The worldwide total of deaths relating to terrorism has fallen 59 percent since 2014, says the Global Terrorism Index (GTI), reports Politico. “Despite the overall fall in the global impact of terrorism, it remains a significant and serious threat in many countries,” said the Institute for Economies & Peace. Still, Western Europe, North America and Oceania have seen the sharpest increase in terror deaths “at any time in the last 50 years,” a 250 percent rise. The GTI foresees the West’s adverse trend continuing, citing the prevalence of “political instability and violence” caused by the economic downturn from the pandemic. Far-right attacks are more likely to be “carried out by unaffiliated individuals” compared with other strains of terrorism, with more than 60 percent not being attributed to any particular organization over the past 50 years.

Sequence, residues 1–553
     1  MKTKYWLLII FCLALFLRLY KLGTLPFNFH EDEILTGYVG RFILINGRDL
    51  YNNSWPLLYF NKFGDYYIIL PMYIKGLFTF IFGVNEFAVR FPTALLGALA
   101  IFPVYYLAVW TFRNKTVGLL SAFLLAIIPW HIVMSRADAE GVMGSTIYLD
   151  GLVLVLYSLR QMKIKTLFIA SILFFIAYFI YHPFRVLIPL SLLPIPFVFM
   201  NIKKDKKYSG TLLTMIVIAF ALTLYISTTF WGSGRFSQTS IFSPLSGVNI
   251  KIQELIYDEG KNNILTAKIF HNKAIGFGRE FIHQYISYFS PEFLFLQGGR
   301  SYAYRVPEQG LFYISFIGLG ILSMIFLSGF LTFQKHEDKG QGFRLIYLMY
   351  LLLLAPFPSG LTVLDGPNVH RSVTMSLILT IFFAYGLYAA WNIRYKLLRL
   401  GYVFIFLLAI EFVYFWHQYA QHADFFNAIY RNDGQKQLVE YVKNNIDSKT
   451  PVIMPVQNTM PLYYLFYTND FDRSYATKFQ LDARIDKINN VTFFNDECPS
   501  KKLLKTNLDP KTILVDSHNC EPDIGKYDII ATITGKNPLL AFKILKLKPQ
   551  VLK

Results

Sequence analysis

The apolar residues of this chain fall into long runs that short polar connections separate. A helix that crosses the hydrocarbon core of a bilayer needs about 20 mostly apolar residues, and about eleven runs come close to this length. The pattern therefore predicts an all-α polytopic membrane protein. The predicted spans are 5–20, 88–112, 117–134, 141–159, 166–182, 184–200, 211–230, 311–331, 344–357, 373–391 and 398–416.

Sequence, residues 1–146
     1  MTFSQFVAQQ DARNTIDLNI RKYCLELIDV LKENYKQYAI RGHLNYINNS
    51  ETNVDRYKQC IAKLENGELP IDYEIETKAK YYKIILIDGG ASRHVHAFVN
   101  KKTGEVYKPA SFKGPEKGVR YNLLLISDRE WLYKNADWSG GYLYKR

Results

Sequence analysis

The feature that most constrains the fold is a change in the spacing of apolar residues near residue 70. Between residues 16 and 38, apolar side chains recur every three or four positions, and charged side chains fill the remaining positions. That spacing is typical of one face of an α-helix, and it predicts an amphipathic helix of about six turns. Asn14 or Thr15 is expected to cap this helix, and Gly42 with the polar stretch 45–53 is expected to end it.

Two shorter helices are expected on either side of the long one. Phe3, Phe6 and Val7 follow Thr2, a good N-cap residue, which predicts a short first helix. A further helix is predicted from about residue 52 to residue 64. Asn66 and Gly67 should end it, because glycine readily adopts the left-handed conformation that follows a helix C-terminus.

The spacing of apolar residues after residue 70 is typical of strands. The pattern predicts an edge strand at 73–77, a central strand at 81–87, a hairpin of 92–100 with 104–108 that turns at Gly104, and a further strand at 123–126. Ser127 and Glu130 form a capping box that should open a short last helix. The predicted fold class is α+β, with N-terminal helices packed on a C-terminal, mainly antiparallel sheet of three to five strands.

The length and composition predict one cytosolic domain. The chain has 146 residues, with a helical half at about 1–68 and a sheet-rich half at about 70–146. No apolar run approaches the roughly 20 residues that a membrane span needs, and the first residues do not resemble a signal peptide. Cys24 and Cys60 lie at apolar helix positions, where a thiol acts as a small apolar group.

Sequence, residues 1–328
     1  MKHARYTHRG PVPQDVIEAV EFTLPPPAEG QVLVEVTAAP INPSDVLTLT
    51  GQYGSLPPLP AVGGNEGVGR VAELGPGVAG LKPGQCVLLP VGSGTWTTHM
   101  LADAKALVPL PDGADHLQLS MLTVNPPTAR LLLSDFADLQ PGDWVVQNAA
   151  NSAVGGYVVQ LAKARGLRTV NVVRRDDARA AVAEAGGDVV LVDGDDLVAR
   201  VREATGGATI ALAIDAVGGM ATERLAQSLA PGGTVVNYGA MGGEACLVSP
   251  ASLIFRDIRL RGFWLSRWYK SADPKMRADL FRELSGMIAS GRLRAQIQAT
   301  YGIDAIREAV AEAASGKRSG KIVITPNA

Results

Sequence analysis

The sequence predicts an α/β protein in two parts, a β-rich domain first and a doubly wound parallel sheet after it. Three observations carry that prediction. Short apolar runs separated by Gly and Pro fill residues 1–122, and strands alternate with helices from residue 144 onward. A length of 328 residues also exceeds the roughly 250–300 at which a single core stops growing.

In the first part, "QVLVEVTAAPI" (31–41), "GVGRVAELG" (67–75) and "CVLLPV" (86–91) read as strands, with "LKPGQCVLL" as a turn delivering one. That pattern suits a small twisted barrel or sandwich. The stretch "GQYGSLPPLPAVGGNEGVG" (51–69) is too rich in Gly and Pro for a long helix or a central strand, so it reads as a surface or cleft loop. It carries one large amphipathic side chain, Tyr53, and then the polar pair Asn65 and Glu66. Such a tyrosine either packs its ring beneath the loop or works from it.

“This does not mean that far-right terrorists have no contact with extremist organizations,” the report says. “Contact with likeminded individuals can be a significant factor in the radicalization process.” An overwhelming number of terror-related deaths (96 percent) are still localized in conflict zones such as Afghanistan, Syria and African countries such as Nigeria and Somalia. The GTI report ranked Afghanistan at number one for terror-related deaths. The U.S. (29) and U.K. (30) were the highest ranked Western countries, closely followed by Ukraine (36). In the past month, Europe has experienced Islamist attacks in France (38), Austria (91), and Switzerland (113), totalling seven dead and nearly 30 injured.